- Remembering Slavery edited by Ira Berlin, Marc Favreau, and Steven Miller. This book, subtitled “African Americans Talk About Their Personal Experiences with Slavery and Emancipation” presents stories told by formerly enslaved people during the 1920s and 1930s to HBCU students from Fisk University, Southern University and Kentucky State University and to researchers from the Federal Writers’ Project during the New Deal. Like Jewish people who proclaim “Never forget/never again” to implore society to never forget the atrocities that happened to their people, this book reveals slavery, through first-person remembrances, a perspective that few know today, a truth that we should never forget.
- When They See Us is a 2019 Netflix mini-series co-written and directed by Ava DuVernay. It captures the experience of five young African-American men falsely accused of rape, their treatment when the crime occurred in 1989, how the media portrayed them, how the public reacted, their imprisonment, and their exoneration years later when the real rapist confessed. This is an age-old story grounded in the perceived purity of white women, the bestiality of black men, and their lust for white women, that unfolds within a biased and structurally racist criminal justice system.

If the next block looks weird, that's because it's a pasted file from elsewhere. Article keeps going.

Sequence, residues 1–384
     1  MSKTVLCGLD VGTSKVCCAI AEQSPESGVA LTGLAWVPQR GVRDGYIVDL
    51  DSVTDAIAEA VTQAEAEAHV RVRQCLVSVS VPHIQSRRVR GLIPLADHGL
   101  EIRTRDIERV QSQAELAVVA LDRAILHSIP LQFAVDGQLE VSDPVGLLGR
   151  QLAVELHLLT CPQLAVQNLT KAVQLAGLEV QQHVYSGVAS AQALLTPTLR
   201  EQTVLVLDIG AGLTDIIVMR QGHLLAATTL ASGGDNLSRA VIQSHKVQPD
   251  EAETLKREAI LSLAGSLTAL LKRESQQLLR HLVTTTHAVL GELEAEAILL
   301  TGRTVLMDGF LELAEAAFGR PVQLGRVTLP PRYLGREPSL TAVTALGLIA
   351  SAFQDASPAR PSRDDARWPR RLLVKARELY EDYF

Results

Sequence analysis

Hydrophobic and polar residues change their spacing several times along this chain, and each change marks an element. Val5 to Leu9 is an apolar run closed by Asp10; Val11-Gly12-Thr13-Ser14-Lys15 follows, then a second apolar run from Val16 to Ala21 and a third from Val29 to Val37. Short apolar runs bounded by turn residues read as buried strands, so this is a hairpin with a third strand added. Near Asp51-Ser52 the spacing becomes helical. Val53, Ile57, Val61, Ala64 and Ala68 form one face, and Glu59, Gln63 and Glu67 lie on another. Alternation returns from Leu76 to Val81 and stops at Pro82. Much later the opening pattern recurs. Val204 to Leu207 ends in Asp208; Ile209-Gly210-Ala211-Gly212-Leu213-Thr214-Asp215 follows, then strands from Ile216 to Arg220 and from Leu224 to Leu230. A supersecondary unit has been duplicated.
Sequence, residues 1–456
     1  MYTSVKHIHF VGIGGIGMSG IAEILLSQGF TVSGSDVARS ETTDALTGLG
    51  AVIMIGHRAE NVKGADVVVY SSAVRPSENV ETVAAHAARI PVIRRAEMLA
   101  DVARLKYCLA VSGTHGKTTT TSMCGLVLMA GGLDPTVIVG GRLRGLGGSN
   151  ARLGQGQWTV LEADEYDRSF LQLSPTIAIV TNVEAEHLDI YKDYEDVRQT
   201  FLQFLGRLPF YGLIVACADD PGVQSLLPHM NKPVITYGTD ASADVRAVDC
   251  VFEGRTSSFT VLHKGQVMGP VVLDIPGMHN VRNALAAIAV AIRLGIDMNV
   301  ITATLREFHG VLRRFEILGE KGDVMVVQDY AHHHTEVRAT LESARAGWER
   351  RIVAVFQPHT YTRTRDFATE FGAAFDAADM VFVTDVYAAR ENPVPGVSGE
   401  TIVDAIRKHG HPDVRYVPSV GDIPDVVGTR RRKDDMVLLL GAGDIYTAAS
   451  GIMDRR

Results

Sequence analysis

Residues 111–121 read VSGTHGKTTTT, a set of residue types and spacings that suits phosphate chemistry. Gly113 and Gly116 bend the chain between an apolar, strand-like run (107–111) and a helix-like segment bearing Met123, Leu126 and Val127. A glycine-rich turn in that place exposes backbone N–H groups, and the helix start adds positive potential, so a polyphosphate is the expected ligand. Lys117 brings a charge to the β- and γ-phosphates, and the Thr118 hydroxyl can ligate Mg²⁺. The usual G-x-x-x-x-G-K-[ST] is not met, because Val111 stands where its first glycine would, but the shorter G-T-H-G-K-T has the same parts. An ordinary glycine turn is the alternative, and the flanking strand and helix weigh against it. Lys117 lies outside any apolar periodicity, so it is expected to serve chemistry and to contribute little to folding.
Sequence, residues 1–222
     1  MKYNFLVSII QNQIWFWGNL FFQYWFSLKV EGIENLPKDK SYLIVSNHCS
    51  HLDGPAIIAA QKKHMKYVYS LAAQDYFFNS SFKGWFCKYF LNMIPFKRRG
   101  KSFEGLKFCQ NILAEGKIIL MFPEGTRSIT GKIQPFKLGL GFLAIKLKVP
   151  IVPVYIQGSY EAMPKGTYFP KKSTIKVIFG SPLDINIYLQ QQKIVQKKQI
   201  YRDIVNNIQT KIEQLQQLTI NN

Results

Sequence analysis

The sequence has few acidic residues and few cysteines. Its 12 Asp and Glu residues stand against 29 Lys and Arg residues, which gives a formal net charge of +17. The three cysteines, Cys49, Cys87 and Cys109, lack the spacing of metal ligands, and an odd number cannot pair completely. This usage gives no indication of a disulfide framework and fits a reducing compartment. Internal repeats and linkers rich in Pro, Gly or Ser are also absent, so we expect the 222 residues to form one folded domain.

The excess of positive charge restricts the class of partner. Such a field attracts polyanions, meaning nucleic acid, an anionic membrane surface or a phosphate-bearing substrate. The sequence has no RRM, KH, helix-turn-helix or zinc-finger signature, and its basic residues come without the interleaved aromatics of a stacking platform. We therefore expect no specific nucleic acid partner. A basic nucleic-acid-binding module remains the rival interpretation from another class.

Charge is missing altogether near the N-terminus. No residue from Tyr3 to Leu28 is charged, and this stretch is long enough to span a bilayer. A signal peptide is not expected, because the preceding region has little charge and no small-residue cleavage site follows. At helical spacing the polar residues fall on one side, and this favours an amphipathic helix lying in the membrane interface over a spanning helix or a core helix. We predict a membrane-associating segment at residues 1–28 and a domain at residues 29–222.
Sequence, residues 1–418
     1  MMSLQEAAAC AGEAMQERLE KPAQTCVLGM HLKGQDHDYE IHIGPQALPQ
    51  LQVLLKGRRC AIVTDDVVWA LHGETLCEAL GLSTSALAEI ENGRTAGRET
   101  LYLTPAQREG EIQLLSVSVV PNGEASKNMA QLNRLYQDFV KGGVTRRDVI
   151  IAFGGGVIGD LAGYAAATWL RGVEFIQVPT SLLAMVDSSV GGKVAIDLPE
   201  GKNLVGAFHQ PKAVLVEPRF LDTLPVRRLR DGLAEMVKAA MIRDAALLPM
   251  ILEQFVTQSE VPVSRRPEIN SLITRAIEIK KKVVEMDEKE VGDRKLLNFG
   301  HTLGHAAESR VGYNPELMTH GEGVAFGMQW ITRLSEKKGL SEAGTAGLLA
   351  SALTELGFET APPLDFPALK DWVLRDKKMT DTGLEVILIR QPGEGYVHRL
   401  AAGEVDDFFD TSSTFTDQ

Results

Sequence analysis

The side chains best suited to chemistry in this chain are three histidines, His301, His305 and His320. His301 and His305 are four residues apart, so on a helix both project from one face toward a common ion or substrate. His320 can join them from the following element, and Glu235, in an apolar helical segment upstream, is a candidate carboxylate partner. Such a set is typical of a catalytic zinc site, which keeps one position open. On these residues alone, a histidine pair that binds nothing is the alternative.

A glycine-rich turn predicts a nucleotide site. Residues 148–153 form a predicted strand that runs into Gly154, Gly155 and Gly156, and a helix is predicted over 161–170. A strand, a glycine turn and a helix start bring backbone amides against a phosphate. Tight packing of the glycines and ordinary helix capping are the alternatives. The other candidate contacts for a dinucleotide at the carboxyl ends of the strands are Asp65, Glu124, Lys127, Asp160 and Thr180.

When you read or view these resources, you may notice that they are hard to watch or to comprehend fully at first. Take time. Read and re-read. Make yourself watch the difficult parts of the mini-series. Is it hard for you to believe that someone would confess to a crime they didn’t commit? Is it hard for you to believe that a private citizen responded by spending $85,000 for an ad in a major New York City newspaper calling for the death penalty? What leads both to take the actions they did? Can you see the layering of prejudicial messages that Kendi traces over centuries that can culminate in the Central Park Five or in the segregationist policies that Rothstein unveils? Do you believe the stories that the formerly enslaved people tell or do you think they are misrepresenting or exaggerating that experience? I hope you will take the time to get in touch with your thoughts and your feelings and think about what contributes to them.